As soon as Israel became a nation in 1947, Syria, Lebanon, Iraq, Jordan, Saudi Arabia, and Egypt all attacked it together.  They lost.  The Israelis had learned well the war lessons of Hitler.  Now Israel controlled--not half of Palestine--but three-fourths of it.  The other quarter became part of Jordan--though many Palestinians did not like Jordan's search for peace with Israel.  Another little strip became part of Egypt.

            Thousands of Palestinians lived in refugee camps--driven out of their homes by the Jews.  Bitterly, they waited for their return.  They had children; the children grew up and had children of their own.  Still they waited in bitterness.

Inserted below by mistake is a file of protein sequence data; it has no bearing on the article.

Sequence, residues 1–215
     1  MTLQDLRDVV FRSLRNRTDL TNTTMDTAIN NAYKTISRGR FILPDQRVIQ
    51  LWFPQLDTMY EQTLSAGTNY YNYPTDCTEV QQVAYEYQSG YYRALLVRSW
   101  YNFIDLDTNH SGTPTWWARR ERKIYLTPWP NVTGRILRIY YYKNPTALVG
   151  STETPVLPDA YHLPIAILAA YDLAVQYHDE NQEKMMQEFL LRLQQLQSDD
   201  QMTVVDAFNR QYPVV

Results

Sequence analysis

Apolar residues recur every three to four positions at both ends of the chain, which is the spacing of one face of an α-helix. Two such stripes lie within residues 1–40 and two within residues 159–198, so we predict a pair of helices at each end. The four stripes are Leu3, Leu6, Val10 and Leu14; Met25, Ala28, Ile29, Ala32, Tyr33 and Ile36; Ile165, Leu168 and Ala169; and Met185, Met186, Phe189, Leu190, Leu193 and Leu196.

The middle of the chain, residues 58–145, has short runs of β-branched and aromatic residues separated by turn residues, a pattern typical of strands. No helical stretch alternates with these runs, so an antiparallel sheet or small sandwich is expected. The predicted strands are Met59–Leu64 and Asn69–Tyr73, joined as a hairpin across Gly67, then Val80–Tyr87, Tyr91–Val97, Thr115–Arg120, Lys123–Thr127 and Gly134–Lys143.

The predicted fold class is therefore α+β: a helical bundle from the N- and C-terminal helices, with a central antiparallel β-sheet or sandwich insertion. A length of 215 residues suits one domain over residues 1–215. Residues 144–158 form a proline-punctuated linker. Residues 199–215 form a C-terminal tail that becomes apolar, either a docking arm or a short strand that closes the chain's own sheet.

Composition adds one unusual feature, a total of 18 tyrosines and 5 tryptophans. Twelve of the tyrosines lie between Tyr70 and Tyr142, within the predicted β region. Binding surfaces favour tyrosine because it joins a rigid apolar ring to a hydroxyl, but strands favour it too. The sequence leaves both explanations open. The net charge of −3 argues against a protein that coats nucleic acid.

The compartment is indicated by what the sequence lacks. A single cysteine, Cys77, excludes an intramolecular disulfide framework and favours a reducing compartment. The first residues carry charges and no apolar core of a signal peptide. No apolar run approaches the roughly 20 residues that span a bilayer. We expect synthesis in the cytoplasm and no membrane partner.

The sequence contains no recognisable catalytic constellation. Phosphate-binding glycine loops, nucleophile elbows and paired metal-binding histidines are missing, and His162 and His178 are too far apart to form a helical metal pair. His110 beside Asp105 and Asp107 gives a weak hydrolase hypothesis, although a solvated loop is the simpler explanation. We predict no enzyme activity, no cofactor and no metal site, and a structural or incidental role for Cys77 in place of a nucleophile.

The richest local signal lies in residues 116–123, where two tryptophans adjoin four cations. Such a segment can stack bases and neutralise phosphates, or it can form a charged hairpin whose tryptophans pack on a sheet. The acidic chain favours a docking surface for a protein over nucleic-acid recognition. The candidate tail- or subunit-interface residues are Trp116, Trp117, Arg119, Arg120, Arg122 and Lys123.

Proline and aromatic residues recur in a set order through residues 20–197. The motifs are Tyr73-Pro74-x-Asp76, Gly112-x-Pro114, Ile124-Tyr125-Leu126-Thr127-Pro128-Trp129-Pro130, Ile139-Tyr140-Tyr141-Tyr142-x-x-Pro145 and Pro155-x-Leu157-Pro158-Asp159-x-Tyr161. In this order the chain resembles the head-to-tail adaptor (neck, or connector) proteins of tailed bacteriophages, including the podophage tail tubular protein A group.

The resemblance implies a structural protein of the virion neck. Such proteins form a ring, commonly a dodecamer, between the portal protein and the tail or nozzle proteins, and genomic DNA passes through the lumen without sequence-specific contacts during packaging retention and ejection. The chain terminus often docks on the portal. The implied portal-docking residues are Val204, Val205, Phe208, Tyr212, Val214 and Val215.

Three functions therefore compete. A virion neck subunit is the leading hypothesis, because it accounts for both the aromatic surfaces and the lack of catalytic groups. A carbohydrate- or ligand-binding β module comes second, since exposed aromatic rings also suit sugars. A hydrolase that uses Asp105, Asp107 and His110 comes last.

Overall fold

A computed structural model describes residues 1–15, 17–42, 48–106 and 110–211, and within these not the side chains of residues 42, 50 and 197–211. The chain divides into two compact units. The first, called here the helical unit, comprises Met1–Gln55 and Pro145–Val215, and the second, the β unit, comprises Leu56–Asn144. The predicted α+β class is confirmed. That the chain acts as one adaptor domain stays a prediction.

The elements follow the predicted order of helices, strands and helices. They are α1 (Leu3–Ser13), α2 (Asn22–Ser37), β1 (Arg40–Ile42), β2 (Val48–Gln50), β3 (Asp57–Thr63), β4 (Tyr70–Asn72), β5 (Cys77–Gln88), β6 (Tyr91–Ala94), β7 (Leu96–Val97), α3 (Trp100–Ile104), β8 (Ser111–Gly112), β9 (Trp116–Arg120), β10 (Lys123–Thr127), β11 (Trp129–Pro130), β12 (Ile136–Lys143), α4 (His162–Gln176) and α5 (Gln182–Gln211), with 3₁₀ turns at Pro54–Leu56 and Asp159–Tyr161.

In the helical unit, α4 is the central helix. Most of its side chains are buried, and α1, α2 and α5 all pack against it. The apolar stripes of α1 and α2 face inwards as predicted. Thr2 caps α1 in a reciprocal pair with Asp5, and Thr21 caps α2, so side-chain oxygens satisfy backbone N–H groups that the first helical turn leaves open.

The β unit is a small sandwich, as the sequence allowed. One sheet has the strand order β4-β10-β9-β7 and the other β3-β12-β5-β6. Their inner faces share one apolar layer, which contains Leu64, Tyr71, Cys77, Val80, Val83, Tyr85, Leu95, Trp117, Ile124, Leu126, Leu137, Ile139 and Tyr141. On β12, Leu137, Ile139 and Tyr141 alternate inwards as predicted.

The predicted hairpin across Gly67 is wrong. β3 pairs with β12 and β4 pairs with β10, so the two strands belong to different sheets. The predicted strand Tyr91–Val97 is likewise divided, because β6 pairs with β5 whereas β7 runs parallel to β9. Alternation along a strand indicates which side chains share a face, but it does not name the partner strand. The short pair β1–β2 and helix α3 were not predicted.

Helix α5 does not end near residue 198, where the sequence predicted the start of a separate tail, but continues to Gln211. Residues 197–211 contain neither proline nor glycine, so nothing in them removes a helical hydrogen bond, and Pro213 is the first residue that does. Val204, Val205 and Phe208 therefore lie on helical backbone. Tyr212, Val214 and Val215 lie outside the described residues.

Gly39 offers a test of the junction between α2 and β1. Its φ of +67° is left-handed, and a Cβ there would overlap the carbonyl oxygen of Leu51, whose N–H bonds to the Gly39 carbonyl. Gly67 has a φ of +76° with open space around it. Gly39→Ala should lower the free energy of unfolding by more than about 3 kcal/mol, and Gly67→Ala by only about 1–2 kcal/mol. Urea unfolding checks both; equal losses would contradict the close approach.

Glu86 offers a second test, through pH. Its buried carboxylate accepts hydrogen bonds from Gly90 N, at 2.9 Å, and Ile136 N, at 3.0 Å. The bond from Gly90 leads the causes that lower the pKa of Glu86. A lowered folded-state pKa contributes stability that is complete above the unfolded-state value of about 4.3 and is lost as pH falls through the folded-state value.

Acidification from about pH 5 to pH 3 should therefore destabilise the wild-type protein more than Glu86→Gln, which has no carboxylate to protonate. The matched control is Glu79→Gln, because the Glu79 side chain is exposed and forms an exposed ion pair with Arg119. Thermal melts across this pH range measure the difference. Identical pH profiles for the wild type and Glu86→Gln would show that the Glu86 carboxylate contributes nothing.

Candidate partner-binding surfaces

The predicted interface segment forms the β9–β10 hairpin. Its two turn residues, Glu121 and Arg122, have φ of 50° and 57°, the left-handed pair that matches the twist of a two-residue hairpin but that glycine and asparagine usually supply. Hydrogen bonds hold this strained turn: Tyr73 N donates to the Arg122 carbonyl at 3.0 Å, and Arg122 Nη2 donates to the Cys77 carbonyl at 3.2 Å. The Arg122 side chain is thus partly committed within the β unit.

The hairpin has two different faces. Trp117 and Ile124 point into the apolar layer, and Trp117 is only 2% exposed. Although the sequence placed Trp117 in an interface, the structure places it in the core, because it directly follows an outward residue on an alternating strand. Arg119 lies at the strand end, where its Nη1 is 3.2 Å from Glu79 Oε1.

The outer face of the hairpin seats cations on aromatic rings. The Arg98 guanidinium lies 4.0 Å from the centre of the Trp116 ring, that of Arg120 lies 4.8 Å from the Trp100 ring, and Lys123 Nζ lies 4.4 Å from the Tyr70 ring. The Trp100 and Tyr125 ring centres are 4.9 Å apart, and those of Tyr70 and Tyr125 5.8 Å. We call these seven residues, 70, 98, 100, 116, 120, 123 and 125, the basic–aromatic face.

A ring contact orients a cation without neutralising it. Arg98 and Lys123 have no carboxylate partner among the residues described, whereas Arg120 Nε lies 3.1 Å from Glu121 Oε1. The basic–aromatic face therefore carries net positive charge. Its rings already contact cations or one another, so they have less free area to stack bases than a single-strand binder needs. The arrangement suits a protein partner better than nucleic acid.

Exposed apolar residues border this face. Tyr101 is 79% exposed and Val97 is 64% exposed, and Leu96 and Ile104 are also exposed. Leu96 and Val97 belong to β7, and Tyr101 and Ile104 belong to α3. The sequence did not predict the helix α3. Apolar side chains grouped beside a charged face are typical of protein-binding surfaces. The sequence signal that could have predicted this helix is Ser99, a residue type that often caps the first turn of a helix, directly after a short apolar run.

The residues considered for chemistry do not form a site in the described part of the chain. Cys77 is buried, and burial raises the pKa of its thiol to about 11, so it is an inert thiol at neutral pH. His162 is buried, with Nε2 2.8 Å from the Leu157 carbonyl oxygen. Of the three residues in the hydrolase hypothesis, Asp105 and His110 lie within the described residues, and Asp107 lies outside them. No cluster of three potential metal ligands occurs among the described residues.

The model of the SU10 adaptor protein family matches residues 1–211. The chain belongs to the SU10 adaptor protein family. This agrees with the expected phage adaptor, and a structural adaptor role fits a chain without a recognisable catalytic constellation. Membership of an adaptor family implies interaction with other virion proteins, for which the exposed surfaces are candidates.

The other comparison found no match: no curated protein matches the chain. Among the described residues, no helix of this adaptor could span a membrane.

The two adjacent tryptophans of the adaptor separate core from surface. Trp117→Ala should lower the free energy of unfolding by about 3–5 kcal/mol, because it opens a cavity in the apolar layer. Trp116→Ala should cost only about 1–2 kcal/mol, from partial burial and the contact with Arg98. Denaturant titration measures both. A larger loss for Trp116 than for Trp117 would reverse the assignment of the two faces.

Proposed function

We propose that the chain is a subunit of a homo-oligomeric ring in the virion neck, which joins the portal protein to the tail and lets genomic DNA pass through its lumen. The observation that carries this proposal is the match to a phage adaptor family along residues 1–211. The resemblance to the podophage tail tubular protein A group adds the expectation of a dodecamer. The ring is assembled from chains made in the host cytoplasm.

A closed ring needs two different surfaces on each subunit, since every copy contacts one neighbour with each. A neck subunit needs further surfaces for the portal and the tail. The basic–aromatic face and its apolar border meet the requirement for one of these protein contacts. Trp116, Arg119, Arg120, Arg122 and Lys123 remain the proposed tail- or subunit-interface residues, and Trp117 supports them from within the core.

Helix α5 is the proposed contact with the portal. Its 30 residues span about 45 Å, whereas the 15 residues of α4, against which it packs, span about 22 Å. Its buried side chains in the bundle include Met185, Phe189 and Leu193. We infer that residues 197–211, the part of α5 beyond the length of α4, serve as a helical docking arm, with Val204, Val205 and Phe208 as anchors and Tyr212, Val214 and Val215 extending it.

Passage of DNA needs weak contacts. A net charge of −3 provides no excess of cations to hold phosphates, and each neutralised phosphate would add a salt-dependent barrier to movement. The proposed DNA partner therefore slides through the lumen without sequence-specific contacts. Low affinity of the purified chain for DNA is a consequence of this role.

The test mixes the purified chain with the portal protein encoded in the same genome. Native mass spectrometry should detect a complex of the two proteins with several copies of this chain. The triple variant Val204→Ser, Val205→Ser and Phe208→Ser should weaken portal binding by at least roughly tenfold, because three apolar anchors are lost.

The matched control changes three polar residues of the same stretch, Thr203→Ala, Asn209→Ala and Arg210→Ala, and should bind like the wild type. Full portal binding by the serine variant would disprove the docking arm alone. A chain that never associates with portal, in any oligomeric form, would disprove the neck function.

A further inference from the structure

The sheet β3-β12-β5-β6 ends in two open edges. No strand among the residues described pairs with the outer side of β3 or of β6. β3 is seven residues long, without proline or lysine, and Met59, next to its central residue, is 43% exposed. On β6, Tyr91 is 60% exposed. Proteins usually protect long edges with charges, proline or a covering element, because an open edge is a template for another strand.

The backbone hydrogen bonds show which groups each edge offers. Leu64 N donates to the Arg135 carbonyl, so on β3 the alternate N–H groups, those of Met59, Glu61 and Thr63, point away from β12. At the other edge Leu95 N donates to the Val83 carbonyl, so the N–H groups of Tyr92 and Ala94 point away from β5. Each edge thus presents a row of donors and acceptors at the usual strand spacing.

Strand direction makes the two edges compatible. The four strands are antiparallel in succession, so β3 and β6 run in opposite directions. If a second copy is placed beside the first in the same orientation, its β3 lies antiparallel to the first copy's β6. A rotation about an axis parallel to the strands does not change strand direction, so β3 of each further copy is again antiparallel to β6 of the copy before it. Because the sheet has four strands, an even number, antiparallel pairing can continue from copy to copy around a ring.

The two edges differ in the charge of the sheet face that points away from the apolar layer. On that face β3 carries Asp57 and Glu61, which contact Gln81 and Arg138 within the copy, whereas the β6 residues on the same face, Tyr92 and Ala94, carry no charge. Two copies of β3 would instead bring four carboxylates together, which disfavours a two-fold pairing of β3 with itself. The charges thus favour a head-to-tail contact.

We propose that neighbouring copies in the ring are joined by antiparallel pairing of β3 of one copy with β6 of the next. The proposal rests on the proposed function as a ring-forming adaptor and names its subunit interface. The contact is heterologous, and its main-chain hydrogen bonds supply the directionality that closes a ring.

Meanwhile, Israelis set up collective farms and created a prosperous nation out of the desert.  By their hard work and dedication, they earned the right to call Israel their home.


            Many times, the Arabs threatened to go to war.  In 1967, Israel decided to end this threat with a powerful attack.  In just six days, Israel conquered all the rest of Palestine, plus the whole Sinai Peninsula of Egypt, plus a strip of Syria.  World opinion began to shift away from Israel in favor of the Arabs.


            Some argue the unfairness of the Palestinians having their land given away.  Others argue the unfairness of the Jews having no place to flee from persecution.  And both sides are right.  Both situations were unfair.  But now the problem has compounded.  Israel has become the home of the Jews.  To make them give it up now would add yet another unfairness to this sorry history.


            Muslims and Jews share the same religious heritage.  It is a heritage of no compromise.  Either one side must destroy the other, or they must learn to live in peace once more.




            In the twentieth century, people made at least three big attempts to unify the Arab nations.  All three attempts failed.